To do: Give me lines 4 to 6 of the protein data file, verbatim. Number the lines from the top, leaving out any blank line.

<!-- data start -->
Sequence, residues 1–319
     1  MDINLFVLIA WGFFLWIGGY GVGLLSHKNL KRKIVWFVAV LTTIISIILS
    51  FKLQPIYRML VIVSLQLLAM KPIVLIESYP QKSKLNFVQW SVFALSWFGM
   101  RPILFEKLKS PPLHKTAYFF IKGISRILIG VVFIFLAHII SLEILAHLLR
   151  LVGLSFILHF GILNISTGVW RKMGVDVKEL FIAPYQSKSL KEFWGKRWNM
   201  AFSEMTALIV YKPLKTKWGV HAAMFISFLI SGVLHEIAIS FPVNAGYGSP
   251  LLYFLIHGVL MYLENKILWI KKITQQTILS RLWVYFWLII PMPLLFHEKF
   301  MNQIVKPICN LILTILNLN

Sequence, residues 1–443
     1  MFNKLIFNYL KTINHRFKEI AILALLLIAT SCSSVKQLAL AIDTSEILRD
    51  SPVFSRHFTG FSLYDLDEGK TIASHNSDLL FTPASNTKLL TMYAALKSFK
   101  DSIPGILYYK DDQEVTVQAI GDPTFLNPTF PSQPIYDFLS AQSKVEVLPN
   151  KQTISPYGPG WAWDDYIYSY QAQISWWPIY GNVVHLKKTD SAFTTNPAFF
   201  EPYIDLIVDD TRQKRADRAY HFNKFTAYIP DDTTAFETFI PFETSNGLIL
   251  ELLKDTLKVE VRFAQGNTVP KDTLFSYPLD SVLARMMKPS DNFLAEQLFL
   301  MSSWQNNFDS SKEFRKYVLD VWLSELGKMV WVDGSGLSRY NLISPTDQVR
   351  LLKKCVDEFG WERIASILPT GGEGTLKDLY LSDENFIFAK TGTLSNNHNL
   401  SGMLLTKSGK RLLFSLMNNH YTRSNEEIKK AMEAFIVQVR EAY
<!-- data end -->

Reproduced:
   101  RPILFEKLKS PPLHKTAYFF IKGISRILIG VVFIFLAHII SLEILAHLLR
   151  LVGLSFILHF GILNISTGVW RKMGVDVKEL FIAPYQSKSL KEFWGKRWNM
   201  AFSEMTALIV YKPLKTKWGV HAAMFISFLI SGVLHEIAIS FPVNAGYGSP